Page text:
Location - Cape Cleveland, Bowling Green Bay National Park, Queensland, Australia
Grade - 5, difficult, recommended for experienced bushwalkers
Distance - 12 km one way
Time - 8 hours one way
The first European name was 'Iron Head' named by Captain James Cook in 1770, but later renamed Cape Cleveland presumably in honour of John Clevland. This headland is home to amazing ridgelines and great vantage points from rocky bluffs, great breeze, and amazing views out to the oceans and surrounding landscape.
The Cape Cleveland headland has been traversed many times by the First Nations People, with a lot of Aboriginal history in the lower foothills. The ridges on Cape Cleveland have been explored thoroughly by the early members of Townsville Bushwalking Club and continued to be a popular hike in recent years. This challenging hike provides spectacular views over the salt flats, many rocky outcrops, and unique rock formations.
The aim is to stick to the ridgeline where possible. At the rocky bluff named "Iron Keep" by the rock climbers, traverse to the western side and around the highest point along the ridge. There are several climbing routes that go up over the rockface. Of course, you don't need to stick to the ridgeline, you can walk around the prominent rock features – but which is more effort? Scrambling the obstruction, or walking down the ridgeline and around? However you navigate it, remember to stay safe. Every rock boulder and peak along this western ridgeline has been climbed, some of which are super sketchy with dropoffs on either side.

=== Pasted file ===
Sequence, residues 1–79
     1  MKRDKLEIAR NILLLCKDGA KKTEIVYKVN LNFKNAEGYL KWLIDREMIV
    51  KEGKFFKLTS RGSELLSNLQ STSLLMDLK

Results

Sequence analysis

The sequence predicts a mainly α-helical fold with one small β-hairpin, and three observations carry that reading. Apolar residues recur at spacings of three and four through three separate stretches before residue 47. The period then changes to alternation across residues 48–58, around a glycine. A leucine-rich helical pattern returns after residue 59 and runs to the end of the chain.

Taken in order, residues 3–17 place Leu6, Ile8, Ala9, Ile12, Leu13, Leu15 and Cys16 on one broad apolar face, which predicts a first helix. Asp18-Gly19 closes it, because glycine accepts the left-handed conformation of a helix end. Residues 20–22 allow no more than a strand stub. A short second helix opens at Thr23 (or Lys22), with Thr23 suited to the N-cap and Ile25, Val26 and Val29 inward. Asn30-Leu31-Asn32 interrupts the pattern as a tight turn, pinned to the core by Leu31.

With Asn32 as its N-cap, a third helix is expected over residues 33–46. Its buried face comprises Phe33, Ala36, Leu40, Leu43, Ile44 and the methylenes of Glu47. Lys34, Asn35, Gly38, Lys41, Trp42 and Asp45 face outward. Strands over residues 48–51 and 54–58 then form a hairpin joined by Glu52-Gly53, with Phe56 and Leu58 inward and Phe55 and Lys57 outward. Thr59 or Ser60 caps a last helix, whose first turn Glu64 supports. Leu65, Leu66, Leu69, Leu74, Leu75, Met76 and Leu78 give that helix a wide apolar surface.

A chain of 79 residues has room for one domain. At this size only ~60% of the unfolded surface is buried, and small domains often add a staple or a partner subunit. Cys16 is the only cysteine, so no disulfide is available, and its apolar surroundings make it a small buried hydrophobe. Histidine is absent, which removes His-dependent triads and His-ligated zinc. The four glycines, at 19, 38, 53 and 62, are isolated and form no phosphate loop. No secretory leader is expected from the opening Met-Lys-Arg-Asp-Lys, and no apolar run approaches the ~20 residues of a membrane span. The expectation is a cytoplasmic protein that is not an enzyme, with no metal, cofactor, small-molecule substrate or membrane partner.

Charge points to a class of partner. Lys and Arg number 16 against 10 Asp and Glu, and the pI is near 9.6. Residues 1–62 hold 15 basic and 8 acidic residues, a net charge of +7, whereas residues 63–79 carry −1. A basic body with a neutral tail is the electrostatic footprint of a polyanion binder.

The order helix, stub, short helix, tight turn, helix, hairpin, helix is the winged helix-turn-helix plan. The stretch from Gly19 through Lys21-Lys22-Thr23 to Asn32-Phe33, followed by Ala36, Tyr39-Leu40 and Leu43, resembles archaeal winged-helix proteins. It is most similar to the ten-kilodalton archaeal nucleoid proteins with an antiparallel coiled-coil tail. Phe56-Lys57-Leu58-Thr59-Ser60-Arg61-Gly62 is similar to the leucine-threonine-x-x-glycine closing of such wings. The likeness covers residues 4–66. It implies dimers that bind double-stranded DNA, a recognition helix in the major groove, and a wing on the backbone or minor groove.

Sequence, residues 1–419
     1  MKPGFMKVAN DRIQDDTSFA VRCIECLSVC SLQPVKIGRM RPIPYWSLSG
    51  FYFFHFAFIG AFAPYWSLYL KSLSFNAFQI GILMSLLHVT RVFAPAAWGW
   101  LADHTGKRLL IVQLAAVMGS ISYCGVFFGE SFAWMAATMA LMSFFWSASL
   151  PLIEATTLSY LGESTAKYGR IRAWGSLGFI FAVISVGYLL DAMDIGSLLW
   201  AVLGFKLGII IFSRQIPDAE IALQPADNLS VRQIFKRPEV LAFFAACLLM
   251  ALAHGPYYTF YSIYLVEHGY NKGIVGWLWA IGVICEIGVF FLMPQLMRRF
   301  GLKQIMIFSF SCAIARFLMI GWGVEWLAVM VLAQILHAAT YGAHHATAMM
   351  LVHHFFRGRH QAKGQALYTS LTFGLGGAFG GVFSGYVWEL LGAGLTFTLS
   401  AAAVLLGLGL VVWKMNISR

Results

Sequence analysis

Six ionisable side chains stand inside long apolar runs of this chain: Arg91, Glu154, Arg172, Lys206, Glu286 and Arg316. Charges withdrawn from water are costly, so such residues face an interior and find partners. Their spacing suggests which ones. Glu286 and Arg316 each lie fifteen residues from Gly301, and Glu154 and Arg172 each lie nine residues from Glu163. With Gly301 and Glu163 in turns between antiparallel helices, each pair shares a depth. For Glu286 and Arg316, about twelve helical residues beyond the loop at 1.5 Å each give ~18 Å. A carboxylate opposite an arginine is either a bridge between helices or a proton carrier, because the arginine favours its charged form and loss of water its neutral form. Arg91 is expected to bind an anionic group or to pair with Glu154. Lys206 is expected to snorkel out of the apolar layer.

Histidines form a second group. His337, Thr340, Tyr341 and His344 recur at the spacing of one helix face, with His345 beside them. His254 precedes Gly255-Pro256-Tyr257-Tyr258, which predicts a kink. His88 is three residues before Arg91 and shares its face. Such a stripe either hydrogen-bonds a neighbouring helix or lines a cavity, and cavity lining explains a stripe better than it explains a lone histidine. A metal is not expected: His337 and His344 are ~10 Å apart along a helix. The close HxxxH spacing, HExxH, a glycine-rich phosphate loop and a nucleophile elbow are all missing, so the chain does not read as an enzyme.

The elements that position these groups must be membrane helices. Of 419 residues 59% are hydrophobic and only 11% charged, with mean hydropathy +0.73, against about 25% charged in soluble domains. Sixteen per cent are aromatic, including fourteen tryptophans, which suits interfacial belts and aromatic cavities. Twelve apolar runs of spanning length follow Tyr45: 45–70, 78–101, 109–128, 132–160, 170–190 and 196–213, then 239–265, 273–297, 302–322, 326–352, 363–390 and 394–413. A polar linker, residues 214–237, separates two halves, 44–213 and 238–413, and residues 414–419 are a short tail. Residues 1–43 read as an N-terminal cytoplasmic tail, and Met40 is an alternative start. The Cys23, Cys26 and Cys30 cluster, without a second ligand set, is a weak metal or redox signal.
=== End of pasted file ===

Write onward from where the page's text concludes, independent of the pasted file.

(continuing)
Mount Cleveland to Western Ridge circuit
Many choose to add in Mount Cleveland as part of the circuit on the southeast side. This circuit provides a great first impression of the area and loops back to the starting point. You do miss out on the massive bluff named "Iron Keep" by the rock climbers though.
Central Ridge to the Western Ridge circuit
A great circuit is to park on the northeastern end of the western ridge and then walk along the four-wheel drive track, which turns into a quad bike track, to the start of Long Beach. From the beginning of Long Beach, follow the central ridgeline up. This central ridge connects with the western ridge - There's also have the option to go out and back to Mount Cleveland. Once on the western ridge, continue to follow the ridgeline northwest back down to the car. This makes for a great circuit and highlights the best of the area.
This walk takes you out along Sunset Beach and then Paradise Beach before making your walk along the ocean cliffline to the tip.
The western ridge is the route marked in orange.
The central ridged is marked in turquoise.
James Morrill was one of the survivors of Peruvian which was shipwrecked in 1846. Morrill washed up along the shore of Cape Cleveland after 42 days of floating at sea and was rescued by the local Aboriginal tribe, the Bindal people. He lived with them for 17 years before being found by "white men" and returned to Brisbane. Mainly Aboriginal artefacts still remain in the area.